I was watching an NFL program the other night with my son, and he asked a million dollar question. “Dad, was Lyle Alzado as tough as he looked?” Well, if you have a good memory or access to the NFL highlights. You would have seen one of the biggest, toughest men who ever wore a helmet (or threw one at an opposing player). But he left us way too soon, and admitted he was “jacked up” on steroids that would killed a herd of elephants. After our initial conversation about the abuse he endured for the sport; I directed him to racing. “What about jockeys? They weigh about 105 pounds, no pads, and are drug/alcohol tested quite regularly. They ride in winter conditions, the summer heat, and encounter danger on a daily basis.”
I was sitting around trying to heal a cold today when I randomly caught the 5th race at Aqueduct. Manuel Franco is sitting 4th in the rider standings, and owns a 14% win clip. Not bad considering the top three are New York veterans Cornelio Velasquez and Irad and Jose Ortiz. Pretty tough to make a living with these guys hanging around, but I digress. In the 5th race today, Franco was aboard Mr. Rico is Valid, and had a garden spot along the inside. He started working off the rail over the sealed sloppy track, and encountered a (50-1) shot named Princess on the Lake, ridden by Alexandra Jara. The longshot broke down causing her rider to go down, subsequently causing Franco’s mount to trip over the fallen horse. I’ve been watching races for quite sometime, and it never gets any easier seeing this happen. Both riders lay motionless on the track as track announcer John Imbriale tried with great effort to continue, but his heart wasn’t into the action as he said “there was a terrible spill on the track,” and gave very brief commentary from the 1/4 pole to the wire. There was no word on Jara or Franco’s condition, and Winning Ponies wishes them best of luck.
I nodded off a bit and stayed under my blanket like a three-year-old. The cold was getting the better of me, and a brief nap was calling my name. I figured I would catch a later race when I heard the race call kick up. The nap didn’t last long, and I found myself watching race #6. Here is a the 6th race from Aqueduct, and there was a big favorite named All Is Number getting to the leader as they turned for home.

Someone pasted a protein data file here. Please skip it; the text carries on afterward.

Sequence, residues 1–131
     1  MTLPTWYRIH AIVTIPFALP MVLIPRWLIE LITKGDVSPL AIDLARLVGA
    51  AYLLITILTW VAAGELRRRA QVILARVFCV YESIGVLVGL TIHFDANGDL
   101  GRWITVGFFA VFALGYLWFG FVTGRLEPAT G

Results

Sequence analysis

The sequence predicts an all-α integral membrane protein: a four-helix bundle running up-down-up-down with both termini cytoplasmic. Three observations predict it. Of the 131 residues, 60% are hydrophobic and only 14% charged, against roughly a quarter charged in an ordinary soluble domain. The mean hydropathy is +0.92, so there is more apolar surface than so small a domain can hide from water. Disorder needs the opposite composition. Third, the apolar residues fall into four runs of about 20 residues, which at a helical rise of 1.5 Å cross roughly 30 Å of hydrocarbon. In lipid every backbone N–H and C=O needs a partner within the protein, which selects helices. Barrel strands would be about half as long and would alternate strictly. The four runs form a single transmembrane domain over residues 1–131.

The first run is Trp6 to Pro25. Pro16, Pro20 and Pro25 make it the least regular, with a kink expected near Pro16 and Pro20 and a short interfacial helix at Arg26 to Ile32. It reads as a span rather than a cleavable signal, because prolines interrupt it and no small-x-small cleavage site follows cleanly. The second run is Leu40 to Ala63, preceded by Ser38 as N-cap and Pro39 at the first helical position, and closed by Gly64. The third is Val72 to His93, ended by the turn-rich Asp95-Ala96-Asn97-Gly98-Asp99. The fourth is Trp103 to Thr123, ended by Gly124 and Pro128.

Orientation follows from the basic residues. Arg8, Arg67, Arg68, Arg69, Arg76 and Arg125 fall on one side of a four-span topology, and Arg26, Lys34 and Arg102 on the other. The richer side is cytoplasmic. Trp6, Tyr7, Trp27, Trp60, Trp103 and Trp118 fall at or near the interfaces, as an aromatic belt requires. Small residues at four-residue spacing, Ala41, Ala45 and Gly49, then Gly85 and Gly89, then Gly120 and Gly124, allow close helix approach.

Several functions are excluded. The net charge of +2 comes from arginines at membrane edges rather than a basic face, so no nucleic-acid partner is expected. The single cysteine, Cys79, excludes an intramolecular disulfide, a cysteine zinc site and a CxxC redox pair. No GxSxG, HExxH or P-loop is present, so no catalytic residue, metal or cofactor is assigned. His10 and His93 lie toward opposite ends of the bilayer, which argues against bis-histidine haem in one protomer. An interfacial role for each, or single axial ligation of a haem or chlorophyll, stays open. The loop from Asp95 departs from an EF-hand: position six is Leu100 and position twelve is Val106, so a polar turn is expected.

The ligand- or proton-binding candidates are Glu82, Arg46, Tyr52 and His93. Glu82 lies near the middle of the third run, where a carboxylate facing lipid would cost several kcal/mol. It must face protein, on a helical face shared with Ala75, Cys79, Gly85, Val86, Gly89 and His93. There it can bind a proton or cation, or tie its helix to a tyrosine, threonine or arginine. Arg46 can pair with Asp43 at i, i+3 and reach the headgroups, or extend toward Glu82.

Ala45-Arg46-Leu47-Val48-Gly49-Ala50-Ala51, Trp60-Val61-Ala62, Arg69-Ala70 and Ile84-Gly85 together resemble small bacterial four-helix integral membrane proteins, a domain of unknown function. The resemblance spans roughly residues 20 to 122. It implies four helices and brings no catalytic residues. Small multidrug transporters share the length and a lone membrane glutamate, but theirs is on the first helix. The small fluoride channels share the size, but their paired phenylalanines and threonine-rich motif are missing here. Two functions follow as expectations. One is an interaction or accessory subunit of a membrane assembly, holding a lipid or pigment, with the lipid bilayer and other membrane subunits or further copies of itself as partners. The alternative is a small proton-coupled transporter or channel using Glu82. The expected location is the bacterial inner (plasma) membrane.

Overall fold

When I watched the rider bring the winner back, I saw his name on screen and couldn’t believe my eyes. Manuel Franco piloted the winner home like nothing in the world could be wrong. It’s amazing for this horse player, and to this day I cannot believe the incredible shape they keep themselves. I’ve known riders over the years, and love to watch them ply their trade.
They work horses out in the morning, jog hours before post, and I’ve even watched a yoga-type stretching from a red-hot Peruvian rider. Some battle weight, and others are “naturals” and don’t miss a meal. They have hands as strong as iron, and as light as feathers. Their legs are used for balance, and sometimes used for steering. Incredible shape, and it all comes in a 110 lb. body. A reporter came out to do a story on “what it was like to be a jockey.” He was in good shape, young, and had the look of a weekend warrior. This should’ve been a walk in the park, but John Engelhardt wanted the media and public to know what great athletes jockeys can be. He enlisted the services of a longtime horseman George Bush who was a 2nd generation player in the game. He rode a little a bit long ago, and his brother was a rider in Ohio. George is a trainer andgreat for the game. He loves to talk racing, and if you stop by his barn he’ll have carrots for you to feed. – But on this day, his task was different. John wanted the reporter to know what it took, and before he even got near a horse, he was put to task. The trainer took out a towel and wrapped it once around a pole. It looked like the reins on a horse, and George popped right down into position and grabbed the towel in a rider’s stance. “Easy stuff. All you have to do is keep your balance and don’t make too much of a commotion aboard. I think you’ll do pretty well.” The reporter laughed at first as John Engelhardt readied his camera. This was good stuff and John has an eye for capturing the moment. When the reporter took hold of the wrapped towel, he started complaining how his thighs were on fire, and this was about 20 seconds into the race. As he neared the 30 second mark, he started moving around quite a bit, and George reminded him to be still in the saddle. As the 45 second mark approached, he let go of the towel and claimed this was the hardest athletic endeavor known to man.
It’s a tough job, and not for the faint of heart. Winning Ponies wishes Alexandra Jara the very best, and hope she returns to the saddle very soon. For Mr. Franco, it was pretty evident he was feeling pretty good about 20 minutes after his fall. This is not to say he wasn’t banged up like a football player, or sore like a baseball pitcher. He could be bruised like a boxer, or rubber-legged like a NASCAR driver going 500 miles. But this athlete is one-of-a-kind, and picked himself off the muddy ground. He made his way to the “Jock’s Room,” and washed off quickly. They have a valet who lays out their silks for their next mount, and off to the paddock to do it all over again.